Let’s Talk about Education in the Pandemic

  • About this Talk
  • With the outbreak of the COVID-19 pandemic, many have made the case that this crisis will only serve to further exacerbate divisions in an already unequal world.

    However, the effects go much deeper and cross different age groups. As a result of the stay-at-home order, children are now utilizing online learning tools to continue their education, but not all of them can benefit from the conditions and facilities of middle class homes, such as computers, internet and study space. As early as the 60s, many studies have documented the phenomenon of summer learning loss, noting that poorer students fall behind more in reading and maths compared to higher income students during the three month summer break. Kosovo has been in lockdown for just under three months.

    While many have praised the current use of technology from teachers as hopeful for the future, others claim that the education system wasn’t prepared to properly respond to these new circumstances. It is estimated that a whopping 10 percent of children — many of whom belong to marginalized groups like Roma, Egyptian and Ashkali communities — were unable to participate in online learning. Moreover, the already difficult situation for children with disabilities was exacerbated in light of the pandemic as a considerable percentage of this group live in poverty and therefore lack the facilities to continue their education from home — it was reported that some don’t even have TVs or telephones, so their teachers couldn’t even get in touch with them.

    With the mainstream focus on security, politics and the economy, other issues such as education and access to food and medicine have been neglected. But what must be done to bridge the broadening gap between students of different backgrounds? Can students who have lagged behind catch up with their peers by compensating for what they’ve missed out on during the pandemic? Will the alleged (albeit exclusive) success of online learning in Kosovo lead to the further integration of technology within the education system? And is there hope that Kosovo can mitigate the consequences of global problems in its local context?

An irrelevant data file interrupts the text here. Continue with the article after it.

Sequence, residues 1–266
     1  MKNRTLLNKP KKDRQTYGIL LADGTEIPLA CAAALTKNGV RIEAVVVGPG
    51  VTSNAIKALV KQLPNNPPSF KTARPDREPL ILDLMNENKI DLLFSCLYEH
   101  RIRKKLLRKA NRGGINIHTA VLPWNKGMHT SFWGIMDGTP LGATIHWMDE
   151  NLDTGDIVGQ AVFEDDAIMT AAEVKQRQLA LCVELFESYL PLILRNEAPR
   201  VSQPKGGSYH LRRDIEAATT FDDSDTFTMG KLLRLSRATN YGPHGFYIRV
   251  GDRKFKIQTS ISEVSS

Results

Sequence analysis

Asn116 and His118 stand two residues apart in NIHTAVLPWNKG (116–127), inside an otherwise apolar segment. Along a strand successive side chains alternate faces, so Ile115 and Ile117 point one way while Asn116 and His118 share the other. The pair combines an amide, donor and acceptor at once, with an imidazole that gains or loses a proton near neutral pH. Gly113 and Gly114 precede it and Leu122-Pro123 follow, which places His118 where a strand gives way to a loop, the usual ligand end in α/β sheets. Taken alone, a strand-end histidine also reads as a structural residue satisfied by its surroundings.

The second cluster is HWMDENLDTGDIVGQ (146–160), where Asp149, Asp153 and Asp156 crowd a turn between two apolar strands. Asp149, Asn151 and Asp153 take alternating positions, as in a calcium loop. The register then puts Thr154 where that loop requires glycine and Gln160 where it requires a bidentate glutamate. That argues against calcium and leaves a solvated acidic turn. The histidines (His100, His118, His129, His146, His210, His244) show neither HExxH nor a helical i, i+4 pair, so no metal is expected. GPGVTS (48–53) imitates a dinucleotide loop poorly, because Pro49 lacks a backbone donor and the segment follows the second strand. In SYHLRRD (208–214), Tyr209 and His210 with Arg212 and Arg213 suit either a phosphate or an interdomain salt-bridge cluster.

To get the discussion going, we have invited Isak Skenderi, executive director of NGO Voice of Roma, Ashkali and Egyptians; Dukagjin Pupovci, executive director of the non-profit organization Kosova Education Center (KEC); and Donjeta Kelmendi, executive director of the Coalition of NGOs for Child Protection (KOMF). The discussion will be moderated by Agnesa Qerimi from Kosovar Youth Council.

    Translation in English and Serbian will be provided through audio calls on Viber Groups created for each language, just send us your phone number and indicate the language which you require translation for and we will add you to one of the Groups.

    This event is implemented through the financial support of the National Endowment for Democracy.

    Format: Discussion held on Zoom (streamed on Facebook Live). English and Serbian translation provided through Viber groups, with interpreters being present in the meeting with their microphones switched off, while translating to the audience through Viber group audio calls.

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  • About the speakers
  • Time:

    5:30 pm


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